Francisco de Goya (1746 – 1828) was a Spanish painter working in the style of Romanticism. He is probably best known for his paintings Saturn Devouring His Son and The Third of May 1808. Some of his other paintings have an eerie and even disturbing element to them. The somewhat satirical paintings below portray one central figure that catches the eye and unsettles. Witches’ Sabbath is held in the Museo Lazaro Galdiano in Madrid; The Straw Manikin is held in the Prado Museum in Madrid; and Time and the Old Women resides in the Palais des Beaux-Arts de Lille, France.
I. Witches’ Sabbath 
This painting, which is part of Goya’s “Black Paintings”, shows a coven of witches. In the centre sits the Devil represented by a he-goat, with women around him being either in awe or scared of him, some offering him their children. The he-goat is motionless, his expression is neutral, eyes wide open, betraying nothing, while women around him fuss, causing a commotion. The goat’s human-like sitting posture hint at him being endowed with human qualities. It is possible that de Goya tried to satirise through this painting the prevalence of superstition and the belief in witches in rural parts of Spain (Francisco de Goya wanted to denounce any mass worshiping based on ignorance). This is so especially since the witches in his painting appear to be deformed and seem to be completely blinded by their belief in the entity before them (even though the he-goat appears almost like a dummy), offering their most precious “possessions” to the Devil – their children. Also, if a witches’ sabbath is usually held on a full moon at night, the painting purposefully depicts neither the full moon nor the darkness of a night (but a new moon, with the meeting taking place at dusk). Continue reading “Francisco de Goya”→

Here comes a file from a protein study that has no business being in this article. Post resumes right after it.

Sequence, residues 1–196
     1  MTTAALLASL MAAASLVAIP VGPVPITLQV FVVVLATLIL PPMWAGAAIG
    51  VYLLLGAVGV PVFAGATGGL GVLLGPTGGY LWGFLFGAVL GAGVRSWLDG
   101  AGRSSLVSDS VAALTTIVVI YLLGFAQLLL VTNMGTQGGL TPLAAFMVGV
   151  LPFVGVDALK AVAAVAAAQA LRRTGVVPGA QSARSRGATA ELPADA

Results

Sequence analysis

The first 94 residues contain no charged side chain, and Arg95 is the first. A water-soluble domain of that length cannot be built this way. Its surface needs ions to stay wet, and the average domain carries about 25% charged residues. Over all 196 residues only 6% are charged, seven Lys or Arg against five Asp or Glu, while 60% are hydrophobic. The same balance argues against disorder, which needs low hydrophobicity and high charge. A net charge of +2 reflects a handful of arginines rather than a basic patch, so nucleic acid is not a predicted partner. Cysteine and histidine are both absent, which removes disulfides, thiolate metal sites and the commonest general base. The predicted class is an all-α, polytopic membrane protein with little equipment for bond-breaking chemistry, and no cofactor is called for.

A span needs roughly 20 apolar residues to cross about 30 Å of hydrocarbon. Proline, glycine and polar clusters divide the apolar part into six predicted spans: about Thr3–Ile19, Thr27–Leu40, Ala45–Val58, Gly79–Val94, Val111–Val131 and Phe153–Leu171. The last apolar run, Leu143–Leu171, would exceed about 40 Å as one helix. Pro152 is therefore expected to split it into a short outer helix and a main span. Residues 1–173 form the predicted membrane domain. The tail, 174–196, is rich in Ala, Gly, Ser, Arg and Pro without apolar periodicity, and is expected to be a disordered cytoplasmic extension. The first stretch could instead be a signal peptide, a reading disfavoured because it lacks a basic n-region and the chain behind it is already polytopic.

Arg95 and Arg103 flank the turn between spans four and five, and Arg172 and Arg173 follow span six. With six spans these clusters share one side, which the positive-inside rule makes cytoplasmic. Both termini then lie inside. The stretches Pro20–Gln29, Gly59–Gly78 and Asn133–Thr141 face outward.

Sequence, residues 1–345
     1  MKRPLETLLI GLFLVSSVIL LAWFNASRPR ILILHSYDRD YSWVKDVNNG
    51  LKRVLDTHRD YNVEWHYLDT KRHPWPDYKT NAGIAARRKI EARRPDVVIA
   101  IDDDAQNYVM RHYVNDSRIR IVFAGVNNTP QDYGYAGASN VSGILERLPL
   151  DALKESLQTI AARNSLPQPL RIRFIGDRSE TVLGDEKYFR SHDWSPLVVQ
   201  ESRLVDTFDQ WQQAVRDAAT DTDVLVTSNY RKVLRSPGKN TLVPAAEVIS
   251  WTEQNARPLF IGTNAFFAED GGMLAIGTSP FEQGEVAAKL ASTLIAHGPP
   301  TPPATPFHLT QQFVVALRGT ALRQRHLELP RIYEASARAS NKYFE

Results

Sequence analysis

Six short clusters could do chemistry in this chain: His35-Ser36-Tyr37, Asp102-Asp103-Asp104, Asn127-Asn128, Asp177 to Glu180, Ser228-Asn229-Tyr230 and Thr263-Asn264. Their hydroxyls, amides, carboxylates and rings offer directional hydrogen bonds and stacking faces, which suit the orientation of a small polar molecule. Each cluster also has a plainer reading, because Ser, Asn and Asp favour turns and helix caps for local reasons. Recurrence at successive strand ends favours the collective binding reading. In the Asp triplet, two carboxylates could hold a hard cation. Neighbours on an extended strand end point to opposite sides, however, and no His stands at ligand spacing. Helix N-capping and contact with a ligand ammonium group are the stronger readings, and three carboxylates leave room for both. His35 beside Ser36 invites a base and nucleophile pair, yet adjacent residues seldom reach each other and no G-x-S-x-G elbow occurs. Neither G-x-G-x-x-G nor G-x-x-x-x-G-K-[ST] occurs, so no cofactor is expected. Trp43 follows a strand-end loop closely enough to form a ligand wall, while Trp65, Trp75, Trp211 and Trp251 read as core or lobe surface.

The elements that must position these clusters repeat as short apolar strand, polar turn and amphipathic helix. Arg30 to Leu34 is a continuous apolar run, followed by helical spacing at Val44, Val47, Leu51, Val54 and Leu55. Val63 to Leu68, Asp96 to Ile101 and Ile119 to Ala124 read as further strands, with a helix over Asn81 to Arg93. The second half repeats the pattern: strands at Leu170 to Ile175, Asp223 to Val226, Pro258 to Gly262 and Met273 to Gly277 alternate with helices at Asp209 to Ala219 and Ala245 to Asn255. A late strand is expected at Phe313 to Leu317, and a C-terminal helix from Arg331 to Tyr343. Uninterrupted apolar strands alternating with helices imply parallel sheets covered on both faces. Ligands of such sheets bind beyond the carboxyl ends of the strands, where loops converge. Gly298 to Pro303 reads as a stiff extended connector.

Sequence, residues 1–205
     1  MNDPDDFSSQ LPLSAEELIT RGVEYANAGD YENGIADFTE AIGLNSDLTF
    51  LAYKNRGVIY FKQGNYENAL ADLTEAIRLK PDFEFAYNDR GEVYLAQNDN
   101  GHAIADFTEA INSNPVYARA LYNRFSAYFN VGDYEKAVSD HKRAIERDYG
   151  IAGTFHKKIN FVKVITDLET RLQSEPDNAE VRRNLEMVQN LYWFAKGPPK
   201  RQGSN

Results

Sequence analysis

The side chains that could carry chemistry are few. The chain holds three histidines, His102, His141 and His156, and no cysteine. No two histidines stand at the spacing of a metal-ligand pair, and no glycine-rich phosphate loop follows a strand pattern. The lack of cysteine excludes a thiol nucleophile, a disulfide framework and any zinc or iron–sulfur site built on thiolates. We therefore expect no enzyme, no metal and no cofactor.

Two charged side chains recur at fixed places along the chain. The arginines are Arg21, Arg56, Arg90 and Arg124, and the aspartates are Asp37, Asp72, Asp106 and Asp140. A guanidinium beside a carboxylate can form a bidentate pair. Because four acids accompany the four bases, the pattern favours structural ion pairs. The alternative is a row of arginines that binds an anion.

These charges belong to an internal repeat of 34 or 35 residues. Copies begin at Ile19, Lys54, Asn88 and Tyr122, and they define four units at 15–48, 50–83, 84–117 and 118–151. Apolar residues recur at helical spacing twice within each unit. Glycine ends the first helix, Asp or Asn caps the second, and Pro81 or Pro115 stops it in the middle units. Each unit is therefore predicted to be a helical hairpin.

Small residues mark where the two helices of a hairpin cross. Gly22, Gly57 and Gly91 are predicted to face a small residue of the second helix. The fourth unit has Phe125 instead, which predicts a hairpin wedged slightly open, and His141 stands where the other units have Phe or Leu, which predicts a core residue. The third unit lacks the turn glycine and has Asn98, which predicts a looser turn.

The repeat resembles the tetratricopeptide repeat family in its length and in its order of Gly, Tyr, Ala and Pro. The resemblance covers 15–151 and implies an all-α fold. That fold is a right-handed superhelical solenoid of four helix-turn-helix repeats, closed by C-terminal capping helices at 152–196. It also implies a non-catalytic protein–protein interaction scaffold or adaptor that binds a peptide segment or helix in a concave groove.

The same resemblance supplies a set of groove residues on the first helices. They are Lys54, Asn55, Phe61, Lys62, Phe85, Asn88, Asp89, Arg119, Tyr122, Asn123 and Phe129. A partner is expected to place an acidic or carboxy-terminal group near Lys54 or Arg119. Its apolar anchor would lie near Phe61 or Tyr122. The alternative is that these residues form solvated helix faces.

Remedios Varo (1908 – 1963) was a Spanish/Mexican surrealist artist best known for her enigmatic, mystical and “alchemical” paintings, that “[blended] surrealist techniques and images, Freudian and Jungian psychology, science, magic, and the occult” [Vosburg N. (2005) Strange Yet “Familiar”: Cats and Birds in Remedios Varo’s Artistic Universe. In: Figuring Animals, 2016]. Below, I present and briefly discuss her three paintings.
I. Hacia la Torre (Towards the Tower) (1960)